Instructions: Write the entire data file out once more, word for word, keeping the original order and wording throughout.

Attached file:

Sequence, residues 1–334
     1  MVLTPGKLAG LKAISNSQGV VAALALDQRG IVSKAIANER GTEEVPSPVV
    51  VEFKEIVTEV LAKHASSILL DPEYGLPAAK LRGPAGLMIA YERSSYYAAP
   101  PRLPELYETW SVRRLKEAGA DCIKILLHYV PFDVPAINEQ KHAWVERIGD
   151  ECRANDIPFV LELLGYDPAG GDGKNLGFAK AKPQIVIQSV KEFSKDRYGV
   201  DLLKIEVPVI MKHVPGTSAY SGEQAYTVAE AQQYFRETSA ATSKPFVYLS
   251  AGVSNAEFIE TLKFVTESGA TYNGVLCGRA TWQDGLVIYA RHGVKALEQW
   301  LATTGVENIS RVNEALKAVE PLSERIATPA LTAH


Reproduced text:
Sequence, residues 1–334
     1  MVLTPGKLAG LKAISNSQGV VAALALDQRG IVSKAIANER GTEEVPSPVV
    51  VEFKEIVTEV LAKHASSILL DPEYGLPAAK LRGPAGLMIA YERSSYYAAP
   101  PRLPELYETW SVRRLKEAGA DCIKILLHYV PFDVPAINEQ KHAWVERIGD
   151  ECRANDIPFV LELLGYDPAG GDGKNLGFAK AKPQIVIQSV KEFSKDRYGV
   201  DLLKIEVPVI MKHVPGTSAY SGEQAYTVAE AQQYFRETSA ATSKPFVYLS
   251  AGVSNAEFIE TLKFVTESGA TYNGVLCGRA TWQDGLVIYA RHGVKALEQW
   301  LATTGVENIS RVNEALKAVE PLSERIATPA LTAH